The SwitchThat’s why, over the month of April, the entire world is switching from trivalent oral polio vaccine – which protects against three kinds of polio – to bivalent oral polio vaccine, which only protects against two kinds. It’s a sign that we’re making progress in wiping polio off the planet. It’s also a global health milestone; making the switch requires logistically
The entire world is changing polio vaccines. That’s a good thing.From UN Dispach: By Alanna Shaikh, April 26, 2016
Why do we want to finish the job?
(Hospital respiratory ward in Los Angeles, 1952Source: Centers for Disease Control and
complex implementation in every country of the world.
The reasons we’re switching are exciting. One of the three kinds of polio virus – type 2 – was eradicated in 1999. After seven years, we can be confident it’s really gone. Vaccinating for type 2 when type 2 isn’t out there any more carries risks. The vaccine for virus type 2 was responsible for a lot of the cases of vaccine-related polio – 90% of circulating vaccine-derived polioviruses cases, and approximately 40% of vaccine-associated paralytic polio. Dropping the vaccine for virus type 2 will make polio vaccination safer for everyone.
Now comes the switch process. As the WHO puts it, “All health facilities in every country must stop using trivalent polio vaccine on one day within the 2-week switch period from 18 April to 1 May. Any remaining trivalent polio vaccine stock must be collected and destroyed according to national guidance.” Every health facility, everywhere. It takes a lot of coordination; WHO and national governments have been planning this process for a year.
The reason we’re switching now is mostly about data. Better data has taught us a lot about polio vaccination. The WHO was able to determine that that a bivalent vaccine is actually more effective against types 1 and 3 than a trivalent vaccine. The bivalent vaccine only became available a few years ago, so it took time to collect the data to figure this out. The switch is taking place in April because April is the low season for polio virus infection, another thing we’ve learned because of better global health data collection and analysis.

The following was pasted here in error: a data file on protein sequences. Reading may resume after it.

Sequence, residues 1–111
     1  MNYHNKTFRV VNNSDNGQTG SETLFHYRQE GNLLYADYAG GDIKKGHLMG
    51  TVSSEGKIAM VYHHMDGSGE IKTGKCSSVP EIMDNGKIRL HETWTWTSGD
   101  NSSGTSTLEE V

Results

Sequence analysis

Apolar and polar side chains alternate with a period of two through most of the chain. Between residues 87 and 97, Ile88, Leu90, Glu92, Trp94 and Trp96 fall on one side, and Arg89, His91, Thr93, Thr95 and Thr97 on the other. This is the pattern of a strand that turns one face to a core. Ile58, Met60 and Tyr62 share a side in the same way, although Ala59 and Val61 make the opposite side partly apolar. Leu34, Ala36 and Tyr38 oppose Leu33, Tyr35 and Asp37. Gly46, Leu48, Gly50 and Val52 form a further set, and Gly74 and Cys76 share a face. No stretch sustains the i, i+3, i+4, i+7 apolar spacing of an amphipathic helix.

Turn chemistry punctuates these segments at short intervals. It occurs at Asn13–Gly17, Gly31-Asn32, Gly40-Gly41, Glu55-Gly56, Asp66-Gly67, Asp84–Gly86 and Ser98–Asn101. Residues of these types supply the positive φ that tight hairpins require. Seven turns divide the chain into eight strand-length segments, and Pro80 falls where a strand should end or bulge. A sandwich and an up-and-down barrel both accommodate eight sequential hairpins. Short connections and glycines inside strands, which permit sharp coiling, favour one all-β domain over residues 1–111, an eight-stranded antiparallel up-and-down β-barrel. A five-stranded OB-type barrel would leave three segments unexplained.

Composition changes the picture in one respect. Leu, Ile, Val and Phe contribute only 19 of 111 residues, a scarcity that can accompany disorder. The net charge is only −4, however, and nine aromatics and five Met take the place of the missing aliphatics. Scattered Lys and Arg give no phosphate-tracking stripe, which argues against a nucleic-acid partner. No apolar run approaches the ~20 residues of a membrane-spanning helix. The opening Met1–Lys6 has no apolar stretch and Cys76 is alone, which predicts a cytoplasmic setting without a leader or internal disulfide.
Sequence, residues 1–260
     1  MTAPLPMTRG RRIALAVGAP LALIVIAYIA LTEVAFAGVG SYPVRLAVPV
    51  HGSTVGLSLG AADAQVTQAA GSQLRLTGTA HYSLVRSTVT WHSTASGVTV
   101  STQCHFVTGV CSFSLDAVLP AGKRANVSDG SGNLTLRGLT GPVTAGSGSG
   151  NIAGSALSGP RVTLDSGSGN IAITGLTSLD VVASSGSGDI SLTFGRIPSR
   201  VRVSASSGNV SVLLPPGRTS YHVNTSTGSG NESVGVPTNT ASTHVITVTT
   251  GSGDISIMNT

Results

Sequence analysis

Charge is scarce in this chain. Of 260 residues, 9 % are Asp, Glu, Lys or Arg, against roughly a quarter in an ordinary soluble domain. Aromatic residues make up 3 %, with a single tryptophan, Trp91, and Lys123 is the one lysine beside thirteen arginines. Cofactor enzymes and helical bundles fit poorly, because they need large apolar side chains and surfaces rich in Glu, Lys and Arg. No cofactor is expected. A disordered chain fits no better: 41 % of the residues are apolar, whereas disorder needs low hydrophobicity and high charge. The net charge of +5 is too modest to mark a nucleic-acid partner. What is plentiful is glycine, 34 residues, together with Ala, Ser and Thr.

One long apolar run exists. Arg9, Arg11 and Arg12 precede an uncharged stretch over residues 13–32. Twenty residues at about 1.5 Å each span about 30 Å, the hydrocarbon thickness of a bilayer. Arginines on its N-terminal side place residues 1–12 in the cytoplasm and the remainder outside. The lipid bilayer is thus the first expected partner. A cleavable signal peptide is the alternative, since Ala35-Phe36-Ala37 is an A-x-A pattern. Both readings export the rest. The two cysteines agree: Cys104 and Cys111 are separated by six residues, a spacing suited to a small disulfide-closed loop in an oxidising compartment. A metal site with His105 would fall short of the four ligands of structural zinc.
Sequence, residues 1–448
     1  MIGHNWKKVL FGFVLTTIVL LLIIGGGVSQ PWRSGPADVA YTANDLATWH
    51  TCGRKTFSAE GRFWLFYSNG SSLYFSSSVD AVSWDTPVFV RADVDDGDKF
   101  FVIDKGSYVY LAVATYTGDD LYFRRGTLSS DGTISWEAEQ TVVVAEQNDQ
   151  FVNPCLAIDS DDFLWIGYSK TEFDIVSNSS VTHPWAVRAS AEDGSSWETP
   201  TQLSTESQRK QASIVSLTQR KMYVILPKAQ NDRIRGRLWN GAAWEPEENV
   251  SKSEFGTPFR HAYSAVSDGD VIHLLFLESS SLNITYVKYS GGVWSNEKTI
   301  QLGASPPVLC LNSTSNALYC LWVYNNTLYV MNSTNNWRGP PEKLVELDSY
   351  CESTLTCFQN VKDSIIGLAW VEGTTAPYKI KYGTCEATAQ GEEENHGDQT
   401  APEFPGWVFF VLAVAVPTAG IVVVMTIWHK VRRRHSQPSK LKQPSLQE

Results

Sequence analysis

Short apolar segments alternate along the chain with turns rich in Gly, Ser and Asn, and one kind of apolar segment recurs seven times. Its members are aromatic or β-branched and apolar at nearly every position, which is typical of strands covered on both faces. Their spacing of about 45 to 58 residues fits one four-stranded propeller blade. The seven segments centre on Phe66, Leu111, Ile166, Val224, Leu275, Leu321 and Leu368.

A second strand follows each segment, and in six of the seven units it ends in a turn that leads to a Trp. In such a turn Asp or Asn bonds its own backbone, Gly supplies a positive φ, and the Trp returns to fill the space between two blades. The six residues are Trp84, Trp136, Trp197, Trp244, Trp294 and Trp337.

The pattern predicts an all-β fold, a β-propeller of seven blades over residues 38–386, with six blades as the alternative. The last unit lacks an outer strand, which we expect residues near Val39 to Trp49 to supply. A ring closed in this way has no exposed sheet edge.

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The Rotary Club of Toronto - Service Above Self
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What You Missed April 22, 2016 – by Susan Howson
John Lloyd introduced four visiting Rotarians and three guests
We are a very busy Club with many things on the go. Details can be found on the website http://www.rotarytoronto.com/. Among the many activities you can become involved in are.
April 23: There are board games to be played at Café Melbourne April 30: 9:30 AM start: The annual poker walk raises funds for supporting those with AIDs in Canada and Africa.
April 30: 11:00 start: There is a sweat equity opportunity filling bags of food for Kids Against Hunger. The start time is coordinated so you can do both the walk and help fill food bags.
May 10: 6:00PM start: Join fellow Rotarians at R2R at the National Club.
May 14: District Assembly. All members should attend at least one.
May 3: Night of a Thousand Dinners at the National Club will raise funds to help remove landmines. Shannon Lundquist announced that she is the new Chair of Lake Scugog Camp’s board. As Chair she appreciates what we do for the Camp each year and asks us to come yet again and participate in some needed sweat equity. As a past camper she pointed out that $100.00 is a great deal for all the food and fellowship you get. Don’t miss out register now for Camp weekend May 27 -29.
Alex Brown ably introduced our guest speaker Jeremy Diamond executive director of the Vimy Foundation.
Mr Diamond urged us to consider the following facts:
• 8 is the number, in millions, of Canada’s population in 1914. Over 640,000, 8% of that population, went to war
• 40 cenotaphs commemorating these members of Canada’s Armed Forces are in serious disrepair
• 74% of Canada’s population would not be able to identify Vimy if they saw a picture
• 2017 will be the Centennial of the Victory at Vimy.
• Vimy is on the 20 dollar bill and mostpeople are not aware of it. He called it a “Vimy”. Better than a “loonie”
Jeremy Diamond displays Vimy image on $20.00 bill. Most Canadians do not know either the Vimy Monument or the sacrifice it represents.
Carol Hutchinson, our blushing Birthday Girl while being regaled to by Brigitte Bogar
The Foundation would like to make Canadians more aware of Vimy and what it means to our heritage and to being a Canadian. People should consider that going to Vimy should be a pilgrimage. It is Canadian territory. It is sacred ground. It is far more than just a tourist site. Vimy is also very accessible being only forty minutes by train from Paris.
To find out more about the Foundation and its plans to preserve and promote Vimy see:
There were two draws. The first, for tickets to the Toronto Eglinton Rotary Club wine tasting fundraiser went to Terry Wray. Michele Guy got to take home a bottle of wine.